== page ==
US Army destroys Afghan Bibles

Published 07 May 2009
The US Army has reportedly destroyed Bibles in Afghan languages which were sent to a soldier in Afghanistan and then confiscated.

The decision to confiscate and destroy the Bibles was taken in order to ensure that soldiers did not breach rules forbidding proselytising to the local civilian population.

Al Jazeera recently showed footage of soldiers at a Bible class at a base with a stack of Bibles translated into the Afghan languages Pashto and Dari. The US military has denied that its soldiers have been trying to convert Afghans to Christianity.

All soldiers are forbidden, under US Central Command’s General Order Number One, from trying to convert people to another religion while they are on active duty.

A spokeswoman for the US military, Major Jennifer Willis, said, "I can now confirm that the Bibles shown on Al Jazeera's clip were, in fact, collected by the chaplains and later destroyed. They were never distributed," reports Reuters.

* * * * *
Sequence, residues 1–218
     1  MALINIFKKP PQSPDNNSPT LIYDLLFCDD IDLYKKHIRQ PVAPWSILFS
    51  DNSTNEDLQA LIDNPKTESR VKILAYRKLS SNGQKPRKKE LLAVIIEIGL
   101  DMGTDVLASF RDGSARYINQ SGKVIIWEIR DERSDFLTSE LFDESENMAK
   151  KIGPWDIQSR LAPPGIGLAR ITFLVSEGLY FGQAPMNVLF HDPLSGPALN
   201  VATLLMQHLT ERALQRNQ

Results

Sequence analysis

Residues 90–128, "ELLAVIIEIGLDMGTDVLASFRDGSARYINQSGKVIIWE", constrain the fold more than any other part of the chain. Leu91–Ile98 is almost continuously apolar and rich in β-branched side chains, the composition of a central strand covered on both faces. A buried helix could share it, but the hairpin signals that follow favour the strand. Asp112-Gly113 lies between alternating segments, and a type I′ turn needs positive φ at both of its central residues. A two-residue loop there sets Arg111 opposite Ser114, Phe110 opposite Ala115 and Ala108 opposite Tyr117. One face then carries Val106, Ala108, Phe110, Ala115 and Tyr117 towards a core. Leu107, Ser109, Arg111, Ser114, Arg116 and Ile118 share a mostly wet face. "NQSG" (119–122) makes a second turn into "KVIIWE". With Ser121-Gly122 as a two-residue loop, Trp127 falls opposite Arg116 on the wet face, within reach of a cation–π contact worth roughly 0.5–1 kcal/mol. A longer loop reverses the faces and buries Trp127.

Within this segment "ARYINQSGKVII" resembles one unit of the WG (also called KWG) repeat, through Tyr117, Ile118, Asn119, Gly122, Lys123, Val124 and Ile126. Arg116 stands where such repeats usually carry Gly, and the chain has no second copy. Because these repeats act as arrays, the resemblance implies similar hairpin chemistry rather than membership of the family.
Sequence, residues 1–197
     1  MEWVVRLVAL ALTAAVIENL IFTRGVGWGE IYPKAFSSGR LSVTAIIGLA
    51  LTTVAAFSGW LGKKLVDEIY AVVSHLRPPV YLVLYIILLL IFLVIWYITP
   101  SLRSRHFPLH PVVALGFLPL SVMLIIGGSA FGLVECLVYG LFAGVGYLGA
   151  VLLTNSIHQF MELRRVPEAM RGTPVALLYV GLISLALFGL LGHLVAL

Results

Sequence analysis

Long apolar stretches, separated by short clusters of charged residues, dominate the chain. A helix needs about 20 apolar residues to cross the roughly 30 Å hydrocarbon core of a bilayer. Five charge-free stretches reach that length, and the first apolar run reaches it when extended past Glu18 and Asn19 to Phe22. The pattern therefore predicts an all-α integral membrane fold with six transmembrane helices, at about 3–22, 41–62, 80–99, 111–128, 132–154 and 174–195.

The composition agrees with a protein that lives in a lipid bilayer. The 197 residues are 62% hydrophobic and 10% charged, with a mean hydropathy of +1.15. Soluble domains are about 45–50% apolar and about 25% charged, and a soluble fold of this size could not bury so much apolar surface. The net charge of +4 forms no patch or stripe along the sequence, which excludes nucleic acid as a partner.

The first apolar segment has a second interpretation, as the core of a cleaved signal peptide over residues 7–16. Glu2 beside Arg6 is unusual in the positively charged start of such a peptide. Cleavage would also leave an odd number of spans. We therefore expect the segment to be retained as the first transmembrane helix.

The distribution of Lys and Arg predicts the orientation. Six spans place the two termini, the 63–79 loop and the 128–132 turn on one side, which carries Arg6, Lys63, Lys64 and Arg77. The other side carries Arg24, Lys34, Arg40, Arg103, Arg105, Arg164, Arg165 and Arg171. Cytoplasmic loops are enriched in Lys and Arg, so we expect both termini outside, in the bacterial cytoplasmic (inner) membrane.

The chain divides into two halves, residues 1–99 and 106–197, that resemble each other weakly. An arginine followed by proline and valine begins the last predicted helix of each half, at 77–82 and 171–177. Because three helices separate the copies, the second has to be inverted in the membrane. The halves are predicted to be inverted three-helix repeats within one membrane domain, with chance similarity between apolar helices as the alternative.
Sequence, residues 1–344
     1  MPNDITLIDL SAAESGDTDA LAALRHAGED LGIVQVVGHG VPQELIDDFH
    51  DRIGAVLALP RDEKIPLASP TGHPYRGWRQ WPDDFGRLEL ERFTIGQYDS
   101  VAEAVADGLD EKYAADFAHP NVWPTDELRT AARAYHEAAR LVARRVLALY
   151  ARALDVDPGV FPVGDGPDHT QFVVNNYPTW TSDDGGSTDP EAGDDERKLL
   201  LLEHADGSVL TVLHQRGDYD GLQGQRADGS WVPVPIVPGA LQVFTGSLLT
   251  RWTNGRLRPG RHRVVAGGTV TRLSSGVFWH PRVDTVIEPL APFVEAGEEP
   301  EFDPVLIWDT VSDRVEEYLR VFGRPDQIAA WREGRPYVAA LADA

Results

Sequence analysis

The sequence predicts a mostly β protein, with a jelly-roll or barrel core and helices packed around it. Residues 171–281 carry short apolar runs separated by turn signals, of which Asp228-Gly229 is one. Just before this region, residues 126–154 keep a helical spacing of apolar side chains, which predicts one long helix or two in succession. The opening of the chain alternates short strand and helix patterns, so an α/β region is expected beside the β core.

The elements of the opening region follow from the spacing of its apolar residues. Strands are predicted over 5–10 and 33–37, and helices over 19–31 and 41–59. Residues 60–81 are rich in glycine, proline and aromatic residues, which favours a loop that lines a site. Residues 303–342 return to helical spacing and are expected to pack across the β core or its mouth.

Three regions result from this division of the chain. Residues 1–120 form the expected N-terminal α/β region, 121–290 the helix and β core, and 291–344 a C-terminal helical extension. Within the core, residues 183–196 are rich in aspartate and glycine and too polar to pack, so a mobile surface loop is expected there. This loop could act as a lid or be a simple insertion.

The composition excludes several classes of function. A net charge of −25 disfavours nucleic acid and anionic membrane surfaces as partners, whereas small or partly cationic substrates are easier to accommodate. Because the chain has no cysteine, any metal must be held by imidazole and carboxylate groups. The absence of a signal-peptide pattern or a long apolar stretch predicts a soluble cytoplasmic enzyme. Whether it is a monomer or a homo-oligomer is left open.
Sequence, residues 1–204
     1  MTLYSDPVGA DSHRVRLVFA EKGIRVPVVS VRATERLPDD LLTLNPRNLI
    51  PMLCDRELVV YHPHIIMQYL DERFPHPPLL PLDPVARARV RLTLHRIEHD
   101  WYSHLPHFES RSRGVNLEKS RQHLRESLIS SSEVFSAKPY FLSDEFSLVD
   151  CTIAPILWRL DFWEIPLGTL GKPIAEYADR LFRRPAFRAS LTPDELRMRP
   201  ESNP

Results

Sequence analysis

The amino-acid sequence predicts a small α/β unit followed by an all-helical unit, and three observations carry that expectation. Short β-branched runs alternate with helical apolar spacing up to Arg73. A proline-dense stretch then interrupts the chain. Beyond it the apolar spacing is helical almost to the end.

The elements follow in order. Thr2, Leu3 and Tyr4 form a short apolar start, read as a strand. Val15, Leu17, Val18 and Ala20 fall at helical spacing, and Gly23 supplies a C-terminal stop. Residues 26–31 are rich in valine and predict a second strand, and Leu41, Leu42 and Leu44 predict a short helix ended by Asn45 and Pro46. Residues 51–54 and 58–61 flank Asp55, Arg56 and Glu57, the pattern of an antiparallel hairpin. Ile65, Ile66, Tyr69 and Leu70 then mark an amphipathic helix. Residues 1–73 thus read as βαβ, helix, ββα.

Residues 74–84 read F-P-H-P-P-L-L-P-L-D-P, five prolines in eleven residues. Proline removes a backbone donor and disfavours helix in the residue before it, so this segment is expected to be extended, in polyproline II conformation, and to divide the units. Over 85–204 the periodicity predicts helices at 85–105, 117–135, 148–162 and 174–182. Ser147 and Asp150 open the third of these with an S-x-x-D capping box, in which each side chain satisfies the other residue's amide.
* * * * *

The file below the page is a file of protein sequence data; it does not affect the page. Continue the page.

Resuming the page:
According to military officials the Bibles were sent to an evangelical Christian soldier by his church via private mail. The soldier then brought them into the study class where they were caught on camera.

In Afghanistan, despite the fall of the Taliban, trying to convert Muslims to another religion is still a crime. In 2006 a convert was sentenced to death for apostasy before being permitted to leave the country following huge international pressure.

Admiral Mike Mullen, the chairman of the US Joint Chiefs of Staff, said, “It certainly is, from the United States military's perspective, not our position to ever push any specific kind of religion, period."

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